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Amazon planning to build tallest tower yet in Bellevue

Bellevue Corporate Plaza. (KIRO 7)

Amazon’s big plans for Bellevue will include the construction of its tallest ever tower.

Amazon expected to close on mega real estate deal in Bellevue

The 43-story tower will be dubbed “Bellevue 600,” located on the east half of the Bellevue Corporate Plaza. Amazon purchased the property in April for $650 million.

The Seattle Times estimates that the tower — which would also be Bellevue’s tallest building — could potentially hold almost 4,200 employees. It also marks the company’s first major construction projection on the Eastside.

As of publishing, Amazon has roughly seven spaces in Bellevue it either plans to move into, or is already occupying. In addition to Bellevue 600, that includes a lease on the 15-story Binary Towers, Bellevue Corporate Plaza, WeWork space at Summit II, permits for Summit III, the former Expedia headquarters at Tower 333, and current employees at Centre 425.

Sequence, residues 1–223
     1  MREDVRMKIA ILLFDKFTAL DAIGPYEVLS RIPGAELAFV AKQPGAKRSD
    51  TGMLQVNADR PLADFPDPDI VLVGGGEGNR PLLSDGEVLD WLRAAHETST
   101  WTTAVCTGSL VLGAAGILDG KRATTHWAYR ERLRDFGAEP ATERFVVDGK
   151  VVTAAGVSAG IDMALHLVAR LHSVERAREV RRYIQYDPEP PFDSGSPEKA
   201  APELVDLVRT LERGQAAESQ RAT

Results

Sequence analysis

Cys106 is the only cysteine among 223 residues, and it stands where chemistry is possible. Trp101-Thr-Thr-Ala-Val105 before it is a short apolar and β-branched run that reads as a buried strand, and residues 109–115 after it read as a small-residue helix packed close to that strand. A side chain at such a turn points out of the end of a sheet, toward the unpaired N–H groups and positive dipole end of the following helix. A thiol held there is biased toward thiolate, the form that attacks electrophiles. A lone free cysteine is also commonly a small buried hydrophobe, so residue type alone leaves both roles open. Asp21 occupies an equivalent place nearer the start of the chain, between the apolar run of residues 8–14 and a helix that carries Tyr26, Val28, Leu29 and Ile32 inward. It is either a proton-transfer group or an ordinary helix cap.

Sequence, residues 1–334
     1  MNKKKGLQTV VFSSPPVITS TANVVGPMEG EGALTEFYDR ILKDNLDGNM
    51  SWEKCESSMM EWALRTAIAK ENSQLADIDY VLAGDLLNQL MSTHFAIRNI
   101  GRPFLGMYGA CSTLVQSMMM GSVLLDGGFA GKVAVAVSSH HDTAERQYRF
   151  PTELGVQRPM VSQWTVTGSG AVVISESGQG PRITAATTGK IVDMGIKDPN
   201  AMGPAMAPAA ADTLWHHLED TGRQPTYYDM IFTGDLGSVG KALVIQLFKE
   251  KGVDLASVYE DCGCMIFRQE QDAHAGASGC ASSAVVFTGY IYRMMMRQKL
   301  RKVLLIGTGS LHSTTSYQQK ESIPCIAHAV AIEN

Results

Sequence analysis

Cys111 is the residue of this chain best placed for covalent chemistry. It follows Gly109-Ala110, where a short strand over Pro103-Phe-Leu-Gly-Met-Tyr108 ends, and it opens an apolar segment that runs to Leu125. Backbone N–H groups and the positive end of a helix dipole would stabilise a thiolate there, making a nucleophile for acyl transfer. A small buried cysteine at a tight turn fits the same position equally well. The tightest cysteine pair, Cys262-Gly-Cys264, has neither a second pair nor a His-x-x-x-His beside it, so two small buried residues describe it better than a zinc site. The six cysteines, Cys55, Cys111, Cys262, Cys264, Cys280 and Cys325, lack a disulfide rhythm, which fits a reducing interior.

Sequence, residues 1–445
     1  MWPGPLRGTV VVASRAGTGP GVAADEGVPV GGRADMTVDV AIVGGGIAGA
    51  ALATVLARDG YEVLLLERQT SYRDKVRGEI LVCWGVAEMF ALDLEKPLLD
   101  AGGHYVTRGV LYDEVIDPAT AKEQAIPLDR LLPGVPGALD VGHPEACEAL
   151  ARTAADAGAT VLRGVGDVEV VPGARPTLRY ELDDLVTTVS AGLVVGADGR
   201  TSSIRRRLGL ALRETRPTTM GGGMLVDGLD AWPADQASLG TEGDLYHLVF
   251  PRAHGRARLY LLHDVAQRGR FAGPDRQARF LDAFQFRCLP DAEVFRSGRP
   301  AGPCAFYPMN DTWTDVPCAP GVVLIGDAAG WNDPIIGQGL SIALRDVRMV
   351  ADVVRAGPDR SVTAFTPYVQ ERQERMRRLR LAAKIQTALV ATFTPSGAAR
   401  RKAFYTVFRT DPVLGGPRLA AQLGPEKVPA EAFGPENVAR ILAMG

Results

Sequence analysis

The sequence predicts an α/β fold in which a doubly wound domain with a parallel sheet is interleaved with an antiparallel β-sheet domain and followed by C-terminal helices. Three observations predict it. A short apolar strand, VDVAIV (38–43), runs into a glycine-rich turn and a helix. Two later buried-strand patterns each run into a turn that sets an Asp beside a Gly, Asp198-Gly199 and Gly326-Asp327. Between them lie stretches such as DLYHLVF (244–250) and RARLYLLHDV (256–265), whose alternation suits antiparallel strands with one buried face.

All that could eventually provide enough space for over 11,000 employees by 2024, although Amazon has yet to confirm that figure. Past estimates for the company’s Bellevue presence have ranged from 10,000 to as many as 25,000.

Amazon moving entire operations team to Bellevue

Employees from Amazon’s worldwide operations team began moving to the Eastside in April. The company already had roughly 2,000 employees in Expedia’s former Bellevue corporate headquarters, and still has plans to move another 4,500 workers into that building by 2020.

“It starts with a city that’s very well run. I think we’re a global hub for technology and innovation. Additionally, as a city and a city council we’re business friendly. That might be a little bit different than what Amazon is used to,” Bellevue City Councilmember Jared Nieuwenhuis told KTTH’s Jason Rantz in early-March.

This all comes after Amazon pulled out of its plans to build a 25,000-employee headquarters in New York.

Shortly after that, Amazon pulled out of a prominent downtown Seattle office project — about 10 months after the company threatened to do so if Seattle imposed a new head tax.

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